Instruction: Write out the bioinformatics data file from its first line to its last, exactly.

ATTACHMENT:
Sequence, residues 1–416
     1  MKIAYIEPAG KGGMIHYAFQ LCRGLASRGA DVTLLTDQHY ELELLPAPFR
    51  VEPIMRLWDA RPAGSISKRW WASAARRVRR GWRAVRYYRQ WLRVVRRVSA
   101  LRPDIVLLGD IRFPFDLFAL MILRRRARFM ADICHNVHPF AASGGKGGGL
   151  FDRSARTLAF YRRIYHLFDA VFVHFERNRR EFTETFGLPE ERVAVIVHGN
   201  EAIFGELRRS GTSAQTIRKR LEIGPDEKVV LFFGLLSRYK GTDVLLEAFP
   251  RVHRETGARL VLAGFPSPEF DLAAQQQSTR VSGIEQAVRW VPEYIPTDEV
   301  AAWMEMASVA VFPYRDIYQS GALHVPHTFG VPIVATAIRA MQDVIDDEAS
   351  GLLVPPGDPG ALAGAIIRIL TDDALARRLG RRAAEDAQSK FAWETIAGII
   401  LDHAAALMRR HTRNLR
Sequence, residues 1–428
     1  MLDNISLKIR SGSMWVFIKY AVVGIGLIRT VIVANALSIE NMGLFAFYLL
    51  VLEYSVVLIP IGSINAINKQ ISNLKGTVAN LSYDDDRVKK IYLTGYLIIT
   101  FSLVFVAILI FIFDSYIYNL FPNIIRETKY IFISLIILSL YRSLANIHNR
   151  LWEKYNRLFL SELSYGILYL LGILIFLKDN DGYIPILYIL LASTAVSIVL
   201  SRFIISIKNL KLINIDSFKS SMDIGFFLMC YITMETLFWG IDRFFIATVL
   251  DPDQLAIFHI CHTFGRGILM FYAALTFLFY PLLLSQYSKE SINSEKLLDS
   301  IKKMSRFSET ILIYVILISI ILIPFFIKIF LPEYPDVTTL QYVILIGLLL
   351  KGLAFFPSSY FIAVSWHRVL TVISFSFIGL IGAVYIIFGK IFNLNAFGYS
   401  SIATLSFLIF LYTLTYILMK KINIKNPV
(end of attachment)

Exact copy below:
Sequence, residues 1–416
     1  MKIAYIEPAG KGGMIHYAFQ LCRGLASRGA DVTLLTDQHY ELELLPAPFR
    51  VEPIMRLWDA RPAGSISKRW WASAARRVRR GWRAVRYYRQ WLRVVRRVSA
   101  LRPDIVLLGD IRFPFDLFAL MILRRRARFM ADICHNVHPF AASGGKGGGL
   151  FDRSARTLAF YRRIYHLFDA VFVHFERNRR EFTETFGLPE ERVAVIVHGN
   201  EAIFGELRRS GTSAQTIRKR LEIGPDEKVV LFFGLLSRYK GTDVLLEAFP
   251  RVHRETGARL VLAGFPSPEF DLAAQQQSTR VSGIEQAVRW VPEYIPTDEV
   301  AAWMEMASVA VFPYRDIYQS GALHVPHTFG VPIVATAIRA MQDVIDDEAS
   351  GLLVPPGDPG ALAGAIIRIL TDDALARRLG RRAAEDAQSK FAWETIAGII
   401  LDHAAALMRR HTRNLR
Sequence, residues 1–428
     1  MLDNISLKIR SGSMWVFIKY AVVGIGLIRT VIVANALSIE NMGLFAFYLL
    51  VLEYSVVLIP IGSINAINKQ ISNLKGTVAN LSYDDDRVKK IYLTGYLIIT
   101  FSLVFVAILI FIFDSYIYNL FPNIIRETKY IFISLIILSL YRSLANIHNR
   151  LWEKYNRLFL SELSYGILYL LGILIFLKDN DGYIPILYIL LASTAVSIVL
   201  SRFIISIKNL KLINIDSFKS SMDIGFFLMC YITMETLFWG IDRFFIATVL
   251  DPDQLAIFHI CHTFGRGILM FYAALTFLFY PLLLSQYSKE SINSEKLLDS
   301  IKKMSRFSET ILIYVILISI ILIPFFIKIF LPEYPDVTTL QYVILIGLLL
   351  KGLAFFPSSY FIAVSWHRVL TVISFSFIGL IGAVYIIFGK IFNLNAFGYS
   401  SIATLSFLIF LYTLTYILMK KINIKNPV